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Journal Article


Lewin G, Vandermeulen S. Health Soc. Care Community 2010; 18(1): 91-99.


(Copyright © 2010, John Wiley and Sons)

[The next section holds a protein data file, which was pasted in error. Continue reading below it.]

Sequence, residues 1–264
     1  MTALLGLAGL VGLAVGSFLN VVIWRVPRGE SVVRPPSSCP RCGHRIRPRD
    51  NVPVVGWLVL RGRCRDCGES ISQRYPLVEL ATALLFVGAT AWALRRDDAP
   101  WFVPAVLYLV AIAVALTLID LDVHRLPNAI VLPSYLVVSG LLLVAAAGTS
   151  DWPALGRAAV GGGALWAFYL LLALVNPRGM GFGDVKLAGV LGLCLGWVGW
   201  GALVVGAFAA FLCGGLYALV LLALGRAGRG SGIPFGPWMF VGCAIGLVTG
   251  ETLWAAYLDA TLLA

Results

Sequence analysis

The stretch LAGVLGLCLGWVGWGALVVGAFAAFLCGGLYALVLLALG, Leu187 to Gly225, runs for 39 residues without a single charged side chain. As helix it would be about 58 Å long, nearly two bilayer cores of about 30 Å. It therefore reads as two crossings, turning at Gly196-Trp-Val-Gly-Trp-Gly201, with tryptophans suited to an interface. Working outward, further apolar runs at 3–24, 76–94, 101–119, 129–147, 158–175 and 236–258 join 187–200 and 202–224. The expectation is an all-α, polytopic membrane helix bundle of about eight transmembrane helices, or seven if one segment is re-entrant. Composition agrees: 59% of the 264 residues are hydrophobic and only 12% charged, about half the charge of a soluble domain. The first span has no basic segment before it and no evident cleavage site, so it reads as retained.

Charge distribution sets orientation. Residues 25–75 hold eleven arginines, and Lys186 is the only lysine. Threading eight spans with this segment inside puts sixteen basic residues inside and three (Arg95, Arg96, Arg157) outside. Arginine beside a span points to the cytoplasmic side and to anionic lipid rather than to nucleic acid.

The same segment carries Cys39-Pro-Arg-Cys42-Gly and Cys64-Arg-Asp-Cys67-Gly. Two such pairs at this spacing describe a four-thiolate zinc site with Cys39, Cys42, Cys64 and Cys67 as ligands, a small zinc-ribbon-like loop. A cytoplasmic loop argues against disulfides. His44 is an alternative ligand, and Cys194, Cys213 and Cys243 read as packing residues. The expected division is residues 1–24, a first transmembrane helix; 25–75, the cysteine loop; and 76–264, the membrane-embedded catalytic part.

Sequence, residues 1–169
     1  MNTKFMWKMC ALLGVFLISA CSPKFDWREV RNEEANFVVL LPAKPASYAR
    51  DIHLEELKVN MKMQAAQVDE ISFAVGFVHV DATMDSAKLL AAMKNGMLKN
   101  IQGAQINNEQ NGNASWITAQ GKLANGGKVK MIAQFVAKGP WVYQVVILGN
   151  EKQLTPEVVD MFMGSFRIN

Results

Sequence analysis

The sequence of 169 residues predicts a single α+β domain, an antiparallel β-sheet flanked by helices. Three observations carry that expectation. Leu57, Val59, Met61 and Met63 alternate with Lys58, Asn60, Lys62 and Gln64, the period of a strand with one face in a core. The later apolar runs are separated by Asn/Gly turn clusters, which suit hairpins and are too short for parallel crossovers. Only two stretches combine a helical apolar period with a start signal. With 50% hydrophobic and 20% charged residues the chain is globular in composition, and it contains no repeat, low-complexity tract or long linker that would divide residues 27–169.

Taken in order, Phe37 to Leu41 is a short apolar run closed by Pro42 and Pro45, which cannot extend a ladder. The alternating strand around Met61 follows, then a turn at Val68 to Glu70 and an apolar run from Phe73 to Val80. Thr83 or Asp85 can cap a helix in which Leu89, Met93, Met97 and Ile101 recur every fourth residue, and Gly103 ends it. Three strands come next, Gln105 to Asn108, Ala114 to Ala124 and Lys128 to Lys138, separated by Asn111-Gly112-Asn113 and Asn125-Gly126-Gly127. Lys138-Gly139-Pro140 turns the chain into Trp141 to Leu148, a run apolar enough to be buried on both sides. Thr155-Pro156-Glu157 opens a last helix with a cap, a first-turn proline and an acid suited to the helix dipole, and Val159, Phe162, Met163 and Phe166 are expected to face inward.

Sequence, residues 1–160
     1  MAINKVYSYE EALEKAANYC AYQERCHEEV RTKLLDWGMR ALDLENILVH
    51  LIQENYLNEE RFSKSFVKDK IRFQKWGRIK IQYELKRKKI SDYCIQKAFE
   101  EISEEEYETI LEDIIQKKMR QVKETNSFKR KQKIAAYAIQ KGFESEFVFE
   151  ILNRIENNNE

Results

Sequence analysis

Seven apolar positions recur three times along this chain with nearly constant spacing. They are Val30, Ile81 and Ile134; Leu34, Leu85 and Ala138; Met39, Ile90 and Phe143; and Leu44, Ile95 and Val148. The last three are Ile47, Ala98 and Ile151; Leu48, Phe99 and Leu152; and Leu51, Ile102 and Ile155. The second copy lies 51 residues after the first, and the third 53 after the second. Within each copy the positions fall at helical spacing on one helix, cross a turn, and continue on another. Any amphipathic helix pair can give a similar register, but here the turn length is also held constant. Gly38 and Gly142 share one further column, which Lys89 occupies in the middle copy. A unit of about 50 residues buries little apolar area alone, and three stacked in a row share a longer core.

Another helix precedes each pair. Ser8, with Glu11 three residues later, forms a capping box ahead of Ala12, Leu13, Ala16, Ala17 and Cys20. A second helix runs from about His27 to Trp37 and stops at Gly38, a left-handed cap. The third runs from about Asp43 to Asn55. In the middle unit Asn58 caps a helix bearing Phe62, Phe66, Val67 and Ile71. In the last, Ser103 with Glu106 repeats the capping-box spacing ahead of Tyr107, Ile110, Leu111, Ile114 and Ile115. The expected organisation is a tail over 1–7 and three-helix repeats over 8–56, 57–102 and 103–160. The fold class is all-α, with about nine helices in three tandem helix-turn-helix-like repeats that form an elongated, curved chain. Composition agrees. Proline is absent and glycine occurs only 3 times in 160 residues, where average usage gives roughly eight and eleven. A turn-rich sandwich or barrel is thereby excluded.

The Home Independence Program (HIP) is a short‐term restorative programme targeted at older home‐care clients, who do not have a diagnosis of dementia, when they are first referred for assistance or when they are referred for additional services because their needs have increased. This study compared the outcomes for individuals who participated in HIP with those of individuals who received ‘usual’ home‐care services. The study was conducted in metropolitan Perth, Western Australia, between 2001 and 2003, when HIP was being trialled as a service in just one region. One hundred clients were recruited into each group and were visited at home on three occasions – service start and at 3 months and 1 year. Standardised outcome measures were used to measure functional dependency, morale, confidence in performing everyday activities without falling and functional mobility. Service outcomes were also examined at 3 months and 1 year. The HIP group showed improvements on all personal outcome measures compared with the control group. These improvements were, except for the morale scale, significantly associated with group assignment even when baseline differences between the groups were adjusted for. As regards service outcomes, the odds of the individuals who received HIP still requiring services was 0.07 (95% CI = 0.03–0.15, P < 0.001) times those for the individuals in the control group at 3 months and 0.14 times at 12 months (95% CI = 0.07–0.29, P < 0.001). The results of this study supported the hypothesis that older individuals referred for home care who participated in a programme to promote their independence had better individual and service outcomes than individuals who received usual home care.


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